Ceres, the first asteroid (minor planet) to be discovered in the Solar System, has held the record as the largest known object of its kind for two centuries.
However, recent observations at the European Southern Observatory have determined that the newly discovered distant asteroid "2001 KX76" is significantly larger, with a diameter of 1200 km, possibly even 1400 km.
By combining data from the world's first operational "virtual telescope", Astrovirtel, with that from a conventional telescope at the ESO La Silla Observatory (Chile), a team of astronomers from Germany, Finland and Sweden has determined the size of the newly found, remote asteroid, 2001 KX76.
Their measurements indicate that this icy rock has a diameter of at least 1200 km and is therefore larger than any other known asteroid in the Solar System. The previous record-holder, the asteroid Ceres, was also the first object of its type to be discovered - by the Italian astronomer Giuseppe Piazzi on January 1, 1801. Its diameter is about 950 km, relegating it to second place after holding the asteroid size record for two hundred years.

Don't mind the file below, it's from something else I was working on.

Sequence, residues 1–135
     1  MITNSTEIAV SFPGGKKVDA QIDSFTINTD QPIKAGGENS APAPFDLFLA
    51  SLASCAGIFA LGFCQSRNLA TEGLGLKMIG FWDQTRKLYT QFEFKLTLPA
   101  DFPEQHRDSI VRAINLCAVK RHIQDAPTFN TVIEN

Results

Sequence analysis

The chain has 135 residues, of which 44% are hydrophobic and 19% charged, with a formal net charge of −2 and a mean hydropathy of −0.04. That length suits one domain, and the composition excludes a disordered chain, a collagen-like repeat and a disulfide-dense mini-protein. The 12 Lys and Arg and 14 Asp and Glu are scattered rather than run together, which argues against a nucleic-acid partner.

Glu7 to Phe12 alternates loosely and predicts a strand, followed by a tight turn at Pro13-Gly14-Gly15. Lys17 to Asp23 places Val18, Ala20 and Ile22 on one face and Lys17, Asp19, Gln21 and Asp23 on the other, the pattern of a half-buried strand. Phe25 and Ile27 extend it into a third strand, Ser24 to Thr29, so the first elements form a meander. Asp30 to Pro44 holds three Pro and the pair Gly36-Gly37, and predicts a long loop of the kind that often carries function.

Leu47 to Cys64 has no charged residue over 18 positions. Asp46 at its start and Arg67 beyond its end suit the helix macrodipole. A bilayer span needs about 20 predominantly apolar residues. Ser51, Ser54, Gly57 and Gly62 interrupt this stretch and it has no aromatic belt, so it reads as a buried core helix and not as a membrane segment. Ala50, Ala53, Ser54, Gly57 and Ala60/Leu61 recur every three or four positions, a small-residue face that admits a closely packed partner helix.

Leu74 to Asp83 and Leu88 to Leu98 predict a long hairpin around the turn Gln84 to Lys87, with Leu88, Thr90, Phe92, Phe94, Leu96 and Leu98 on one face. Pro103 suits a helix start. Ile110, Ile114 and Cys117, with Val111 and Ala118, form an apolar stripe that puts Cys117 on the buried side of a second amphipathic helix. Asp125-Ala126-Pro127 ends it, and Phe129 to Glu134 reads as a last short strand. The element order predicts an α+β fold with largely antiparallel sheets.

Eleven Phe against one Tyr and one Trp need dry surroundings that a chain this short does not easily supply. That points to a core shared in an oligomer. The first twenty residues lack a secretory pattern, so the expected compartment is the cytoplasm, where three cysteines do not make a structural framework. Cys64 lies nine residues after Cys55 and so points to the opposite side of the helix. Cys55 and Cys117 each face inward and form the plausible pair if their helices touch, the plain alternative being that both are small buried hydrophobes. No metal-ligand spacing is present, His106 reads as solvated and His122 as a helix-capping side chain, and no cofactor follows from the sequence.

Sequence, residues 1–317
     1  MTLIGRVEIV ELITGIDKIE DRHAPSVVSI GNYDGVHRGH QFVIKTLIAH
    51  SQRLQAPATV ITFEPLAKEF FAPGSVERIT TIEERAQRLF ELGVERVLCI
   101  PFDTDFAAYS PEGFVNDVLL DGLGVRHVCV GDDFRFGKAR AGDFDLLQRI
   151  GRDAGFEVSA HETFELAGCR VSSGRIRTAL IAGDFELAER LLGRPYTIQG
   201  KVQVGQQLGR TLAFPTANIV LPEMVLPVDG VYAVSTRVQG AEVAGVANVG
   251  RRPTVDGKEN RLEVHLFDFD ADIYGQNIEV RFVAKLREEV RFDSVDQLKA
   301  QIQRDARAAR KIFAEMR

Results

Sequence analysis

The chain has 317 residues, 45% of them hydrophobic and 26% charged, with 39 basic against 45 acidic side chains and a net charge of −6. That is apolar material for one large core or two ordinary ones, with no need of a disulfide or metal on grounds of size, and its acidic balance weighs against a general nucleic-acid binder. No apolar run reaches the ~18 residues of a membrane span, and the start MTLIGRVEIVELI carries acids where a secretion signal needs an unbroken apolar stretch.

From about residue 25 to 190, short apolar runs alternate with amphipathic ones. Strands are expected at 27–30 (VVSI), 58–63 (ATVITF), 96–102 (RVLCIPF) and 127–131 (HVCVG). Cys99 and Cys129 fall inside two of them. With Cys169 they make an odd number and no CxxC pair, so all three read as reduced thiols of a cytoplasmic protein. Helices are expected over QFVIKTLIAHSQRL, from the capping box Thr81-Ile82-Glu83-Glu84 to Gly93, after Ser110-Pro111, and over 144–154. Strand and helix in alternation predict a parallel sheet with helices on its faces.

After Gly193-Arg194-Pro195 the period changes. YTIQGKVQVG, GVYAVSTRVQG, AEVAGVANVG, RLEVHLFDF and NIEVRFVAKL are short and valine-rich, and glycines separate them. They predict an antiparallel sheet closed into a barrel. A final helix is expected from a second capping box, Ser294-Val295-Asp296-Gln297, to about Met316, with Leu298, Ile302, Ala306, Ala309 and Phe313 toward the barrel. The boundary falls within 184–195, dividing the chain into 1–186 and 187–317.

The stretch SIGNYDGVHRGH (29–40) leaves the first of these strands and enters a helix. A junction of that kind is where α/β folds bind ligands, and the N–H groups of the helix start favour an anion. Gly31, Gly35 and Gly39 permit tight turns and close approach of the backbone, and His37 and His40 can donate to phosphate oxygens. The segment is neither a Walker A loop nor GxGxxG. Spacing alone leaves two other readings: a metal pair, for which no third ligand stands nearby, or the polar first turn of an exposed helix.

This conclusion is based on data from Astrovirtel, which has been operating at the ESO Headquarters in Garching (Germany) for about one year. This advanced prototype science tool which in effect mimics a telescope provides astronomers with access to a wide variety of high-quality data.
The 'Virtual Observatory' concept, for which "Astrovirtel" is a prototype, is the start of a new era in astronomy. A larger study project called the 'Astrophysical Virtual Observatory' is now about to start within the Fifth EC Framework programme as a collaboration between ESO, ESA (ST-ECF), the University of Edinburgh (UK), CDS (Strasbourg, France), CNRS (Paris, France) and the University of Manchester (UK).
The full account of this work, with two photos and all weblinks, is available in "ESO PR Photos 27a-b/01" at URL:
Materials provided by European Southern Observatory. Note: Content may be edited for style and length.
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